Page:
In his testimony to this committee, NYS Department of Corrections (DOCS) Commissioner Glenn Gourd testified: "I don't know of any other state health department responsible for prison medical care." Commissioner Gourd is apparently unaware that in California, where the prison system houses over 160,000 inmates in about 70 facilities, the California Department of Health Services has statutory and enforcement responsibility for specific standards, inspection and licensure of a range of hospital and correctional medical treatment facilities within the California prison system. Moreover, there are numerous major jail health care systems, including those in New York City and San Francisco, where the local city health departments are directly responsible for the oversight and quality of delivery of correctional health care services. Thus, such arrangements certainly do not lack precedent or prior experience.
But even if there were no such precedents, anyone familiar with the remarkable history of the NYS DOH knows that it has usually led the nation in unique health care and policy reforms. Two excellent examples are the creation and development of the AIDS Institute and the promulgation of standards for limitations on working hours and strengthened supervision of resident physicians in teaching hospitals. We should expect and must accept nothing less than similarly stellar leadership from the NYS DOH with respect to the vital responsibility of health care for the 65,000 men and women confined on any given day in New York's prisons.
Incarcerated persons are completely dependent upon DOCS for medical, mental health and oral health services. It is this total dependency, coupled with a long history of egregiously deficient health services and conditions in U. S. prisons, which converged to firmly establish that systematically inadequate health services in correctional institutions violate the Eighth Amendment prohibition against cruel and unusual punishment. 50 years ago, there was no firm legal basis to conclude that delivery of adequate health service was central to the mission of prisons and jails. Today, however, there can remain no doubt that our Constitution mandates provision of an adequate health services program to be a sine qua non [absolute prerequisite] with respect to the very existence of jail and prisons.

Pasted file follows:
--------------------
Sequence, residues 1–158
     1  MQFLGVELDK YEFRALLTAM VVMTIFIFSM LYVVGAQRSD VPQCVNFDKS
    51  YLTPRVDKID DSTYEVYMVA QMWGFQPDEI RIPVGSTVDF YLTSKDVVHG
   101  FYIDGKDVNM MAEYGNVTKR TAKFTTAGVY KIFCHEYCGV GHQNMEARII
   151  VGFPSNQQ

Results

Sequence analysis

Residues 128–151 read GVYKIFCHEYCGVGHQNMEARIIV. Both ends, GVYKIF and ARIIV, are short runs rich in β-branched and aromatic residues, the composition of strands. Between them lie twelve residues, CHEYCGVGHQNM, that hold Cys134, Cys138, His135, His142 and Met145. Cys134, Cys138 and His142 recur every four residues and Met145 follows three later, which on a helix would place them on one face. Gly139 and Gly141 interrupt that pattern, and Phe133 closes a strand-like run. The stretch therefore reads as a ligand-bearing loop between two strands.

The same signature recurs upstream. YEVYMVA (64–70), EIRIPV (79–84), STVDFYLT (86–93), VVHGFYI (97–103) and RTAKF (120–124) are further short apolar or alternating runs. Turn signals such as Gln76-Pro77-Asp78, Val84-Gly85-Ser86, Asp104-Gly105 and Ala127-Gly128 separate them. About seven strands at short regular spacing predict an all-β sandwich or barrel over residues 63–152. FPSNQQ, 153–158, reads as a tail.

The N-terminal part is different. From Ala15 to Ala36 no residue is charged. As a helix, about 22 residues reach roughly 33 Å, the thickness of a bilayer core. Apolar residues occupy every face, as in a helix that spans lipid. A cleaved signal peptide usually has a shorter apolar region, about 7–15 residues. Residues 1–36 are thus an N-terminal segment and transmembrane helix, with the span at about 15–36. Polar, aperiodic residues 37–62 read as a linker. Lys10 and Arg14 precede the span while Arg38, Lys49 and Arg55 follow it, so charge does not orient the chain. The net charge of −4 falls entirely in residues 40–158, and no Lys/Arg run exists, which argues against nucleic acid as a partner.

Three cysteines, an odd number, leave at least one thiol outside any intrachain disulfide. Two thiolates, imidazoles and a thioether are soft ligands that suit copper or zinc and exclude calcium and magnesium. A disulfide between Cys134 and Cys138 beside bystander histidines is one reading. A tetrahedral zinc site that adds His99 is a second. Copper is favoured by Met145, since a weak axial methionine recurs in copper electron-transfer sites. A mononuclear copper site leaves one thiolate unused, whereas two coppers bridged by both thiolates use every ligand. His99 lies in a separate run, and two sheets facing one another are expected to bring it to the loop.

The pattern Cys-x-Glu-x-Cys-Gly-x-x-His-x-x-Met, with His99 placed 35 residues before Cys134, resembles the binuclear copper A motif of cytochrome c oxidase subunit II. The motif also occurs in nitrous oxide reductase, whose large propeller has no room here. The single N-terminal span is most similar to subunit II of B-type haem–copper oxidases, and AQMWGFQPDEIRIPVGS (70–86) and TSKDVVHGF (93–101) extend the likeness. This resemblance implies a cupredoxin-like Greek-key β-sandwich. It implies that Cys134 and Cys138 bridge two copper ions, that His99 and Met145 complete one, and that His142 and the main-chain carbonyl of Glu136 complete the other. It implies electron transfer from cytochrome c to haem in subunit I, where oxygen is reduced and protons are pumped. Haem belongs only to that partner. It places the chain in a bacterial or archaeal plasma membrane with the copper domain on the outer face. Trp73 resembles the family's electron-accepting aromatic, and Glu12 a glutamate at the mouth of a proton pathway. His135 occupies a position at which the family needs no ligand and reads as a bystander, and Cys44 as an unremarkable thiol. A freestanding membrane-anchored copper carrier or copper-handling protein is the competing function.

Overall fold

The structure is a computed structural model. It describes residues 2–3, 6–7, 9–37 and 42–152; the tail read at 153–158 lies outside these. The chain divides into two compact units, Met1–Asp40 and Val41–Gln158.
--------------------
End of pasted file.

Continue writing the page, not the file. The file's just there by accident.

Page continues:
DOH surveillance of DOCS health services is not fundamentally a question of whether the current quality of DOCS health care is excellent, mediocre or awful. Article 28 [the public health law mandating DOH surveillance of hospitals and other health care facilities] exists because we all know that the quality of care in our hospitals can vary widely from place-to-place and from time-to-time. Not even our most prestigious health care institutions in New York State would assert, as does DOCS, that they should be exempt from DOH oversight under Article 28 because their quality of care is better than ever and, thereby, the checks and balances in place for all other major health care providers do not apply.
It is irresponsible to continue to isolate correctional health care, including the DOCS program, from our entire health care system. Every day, many men and women leave our prisons and return to communities throughout the State. For those with serious health problems, we must have solid transitional medical care plans, continuity of care, and cost-effective use of the health care resources the State has already invested to care for them in prison. Left to its own devices, DOCS cannot and will not do this. DOH must not only accept its obligations to monitor and improve the quality of New York's prison health care system, it must embrace this extraordinary opportunity that exists to benefit the health of all of our citizens.
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